Rick Scott's Gun Control Smokescreen and Boondoggle

Gov. Rick Scott waves as he is introduced to the Senate on the first day of legislative session, Tuesday, Jan. 9, 2018, in Tallahassee, Fla. (AP Photo/Steve Cannon)



As in the case of most mass shootings, except those that occur in Las Vegas, we are now in the throes of the “we gotta do something” phase. This will be followed by the “gridlock,” “disenchantment,” and “embitterment” phases but right now we’re into “do something.” A week ago Mitt Romney hopped on the train. Since then there has been a writhing orgy of politicians, left, right, and center, to get their two-cents in:


I don’t get the connection between a bump stock and the Marjory Stoneman Douglas High School shooting but I often miss the big picture.

The award, so far, for the most counterproductive reaction come from Florida Governor Rick Scott. While Scott is not running for reelection, he may have his eye on a Senate run in the future, hence his need to “do something.”

My message to them has been very simple – you are not alone. Change is coming… and it will come fast.

I want to make it virtually impossible for anyone who has mental issues to use a gun. I want to make it virtually impossible for anyone who is a danger to themselves or others to use a gun.

I want to create a new program in Florida – I call it the Violent Threat Restraining Order. This concept is very simple, and very common sense in my view.

Let’s review the warning signs here… he had 39 visits from police, his mother called him in, DCF investigated, he was kicked out of school, he was known to students as a danger to shoot people, and he was reported to the FBI last month as a possible school shooter.

And yet, he was never put on the list to be denied the ability to buy a gun, and his guns were never removed from him.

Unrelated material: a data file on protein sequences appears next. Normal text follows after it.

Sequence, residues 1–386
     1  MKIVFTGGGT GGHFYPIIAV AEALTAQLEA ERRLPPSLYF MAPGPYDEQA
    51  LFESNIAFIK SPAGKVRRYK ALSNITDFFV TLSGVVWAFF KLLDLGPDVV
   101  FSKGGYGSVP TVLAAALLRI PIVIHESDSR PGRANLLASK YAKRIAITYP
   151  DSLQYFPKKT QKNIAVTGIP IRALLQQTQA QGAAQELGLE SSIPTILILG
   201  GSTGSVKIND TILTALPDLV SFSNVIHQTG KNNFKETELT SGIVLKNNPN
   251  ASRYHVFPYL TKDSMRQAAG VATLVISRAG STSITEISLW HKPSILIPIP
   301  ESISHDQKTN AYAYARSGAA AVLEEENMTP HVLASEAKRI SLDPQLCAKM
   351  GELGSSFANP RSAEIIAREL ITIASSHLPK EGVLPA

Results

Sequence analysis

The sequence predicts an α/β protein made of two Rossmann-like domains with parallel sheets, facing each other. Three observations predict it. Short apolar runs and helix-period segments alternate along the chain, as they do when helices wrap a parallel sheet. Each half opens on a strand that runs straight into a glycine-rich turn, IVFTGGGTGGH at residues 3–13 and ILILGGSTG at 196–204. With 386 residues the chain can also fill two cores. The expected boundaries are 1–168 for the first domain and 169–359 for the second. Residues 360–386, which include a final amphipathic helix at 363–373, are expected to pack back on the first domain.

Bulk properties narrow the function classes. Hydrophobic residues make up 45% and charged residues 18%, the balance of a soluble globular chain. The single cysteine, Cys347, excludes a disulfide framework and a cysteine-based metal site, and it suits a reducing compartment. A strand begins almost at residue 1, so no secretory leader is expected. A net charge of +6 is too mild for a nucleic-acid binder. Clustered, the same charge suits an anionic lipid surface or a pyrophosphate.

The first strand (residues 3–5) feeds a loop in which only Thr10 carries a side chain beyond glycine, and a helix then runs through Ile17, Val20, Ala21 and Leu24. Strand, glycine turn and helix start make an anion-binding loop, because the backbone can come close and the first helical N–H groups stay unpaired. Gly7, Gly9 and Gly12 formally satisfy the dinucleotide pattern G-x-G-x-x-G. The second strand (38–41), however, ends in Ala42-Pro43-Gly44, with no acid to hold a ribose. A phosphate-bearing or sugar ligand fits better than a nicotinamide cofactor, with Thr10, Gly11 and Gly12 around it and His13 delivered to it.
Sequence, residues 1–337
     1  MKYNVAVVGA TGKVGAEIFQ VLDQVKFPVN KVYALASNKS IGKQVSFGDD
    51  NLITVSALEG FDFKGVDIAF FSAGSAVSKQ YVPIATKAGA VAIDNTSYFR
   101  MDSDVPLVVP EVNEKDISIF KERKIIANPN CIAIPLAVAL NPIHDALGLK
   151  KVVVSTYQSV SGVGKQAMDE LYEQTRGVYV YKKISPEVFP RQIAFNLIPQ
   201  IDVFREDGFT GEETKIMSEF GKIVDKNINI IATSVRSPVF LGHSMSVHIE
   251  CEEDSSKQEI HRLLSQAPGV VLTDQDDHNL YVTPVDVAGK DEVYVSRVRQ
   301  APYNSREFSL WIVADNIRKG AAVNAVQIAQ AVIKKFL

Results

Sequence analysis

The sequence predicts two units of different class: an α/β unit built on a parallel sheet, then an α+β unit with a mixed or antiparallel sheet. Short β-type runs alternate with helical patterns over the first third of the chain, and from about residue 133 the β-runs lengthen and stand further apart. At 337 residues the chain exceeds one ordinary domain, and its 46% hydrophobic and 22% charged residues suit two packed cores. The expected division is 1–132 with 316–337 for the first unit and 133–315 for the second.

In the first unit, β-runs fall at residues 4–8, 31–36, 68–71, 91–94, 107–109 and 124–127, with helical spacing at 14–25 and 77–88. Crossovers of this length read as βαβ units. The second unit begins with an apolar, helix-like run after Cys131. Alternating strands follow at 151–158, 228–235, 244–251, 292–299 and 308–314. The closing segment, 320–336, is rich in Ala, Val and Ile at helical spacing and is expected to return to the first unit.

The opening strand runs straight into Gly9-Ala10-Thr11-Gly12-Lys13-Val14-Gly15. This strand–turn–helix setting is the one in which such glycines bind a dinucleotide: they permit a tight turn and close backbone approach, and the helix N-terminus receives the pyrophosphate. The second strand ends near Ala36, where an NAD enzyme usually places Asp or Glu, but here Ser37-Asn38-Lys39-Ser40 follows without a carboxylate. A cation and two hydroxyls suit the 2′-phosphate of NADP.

Take a moment and read those two sections. Together.

Also, we will require all individuals purchasing firearms to be 21 or older. Let me repeat – we will require all individuals purchasing firearms to be 21 or older.

Consider this:

But an overwhelming number of U.S. mass shooting over the last 50 years were committed by adults older than 21 who would not have been affected by Trump’s proposal.

And in nearly all the mass shootings by shooters younger than age of 21, the guns were stolen from relatives or illegally purchased or the shooters were armed with guns not considered assault weapons.

Then on to the laundry list:

We will establish enhanced criminal penalties for threats to schools, like social media threats of shootings or bombings. We will also enhance penalties if any person possesses or purchases a gun after they have been deemed by state law to not have access to a gun.

And, we will completely ban the purchase or sale of bump stocks.

The second part of my action plan provides $450 million to keep students safe.

Today, I am calling for a mandatory law enforcement officer in every public school. These law enforcement officers must either be sworn sheriff’s deputies or police officers and be present during all hours students are on campus.